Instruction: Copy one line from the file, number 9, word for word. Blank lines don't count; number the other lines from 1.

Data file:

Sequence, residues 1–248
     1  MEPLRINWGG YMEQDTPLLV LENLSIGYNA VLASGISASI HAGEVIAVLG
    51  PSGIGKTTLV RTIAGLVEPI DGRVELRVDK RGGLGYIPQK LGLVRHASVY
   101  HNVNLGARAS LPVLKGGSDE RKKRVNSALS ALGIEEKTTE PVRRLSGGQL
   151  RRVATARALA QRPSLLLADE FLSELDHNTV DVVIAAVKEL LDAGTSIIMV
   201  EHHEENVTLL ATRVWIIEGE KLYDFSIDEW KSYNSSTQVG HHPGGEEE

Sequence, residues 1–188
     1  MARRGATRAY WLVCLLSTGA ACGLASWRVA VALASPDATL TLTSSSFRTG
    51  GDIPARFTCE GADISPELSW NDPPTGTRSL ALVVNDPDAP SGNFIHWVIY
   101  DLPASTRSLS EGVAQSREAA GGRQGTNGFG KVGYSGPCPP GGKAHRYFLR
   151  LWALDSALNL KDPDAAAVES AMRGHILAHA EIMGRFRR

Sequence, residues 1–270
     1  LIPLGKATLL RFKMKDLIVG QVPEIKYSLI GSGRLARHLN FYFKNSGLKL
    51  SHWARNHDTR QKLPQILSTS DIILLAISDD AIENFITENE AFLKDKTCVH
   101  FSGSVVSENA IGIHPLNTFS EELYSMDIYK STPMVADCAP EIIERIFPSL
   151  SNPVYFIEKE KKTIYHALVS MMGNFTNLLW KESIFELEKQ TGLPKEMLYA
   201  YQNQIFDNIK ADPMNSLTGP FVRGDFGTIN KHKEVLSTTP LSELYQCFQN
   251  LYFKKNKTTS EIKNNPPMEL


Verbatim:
    51  GDIPARFTCE GADISPELSW NDPPTGTRSL ALVVNDPDAP SGNFIHWVIY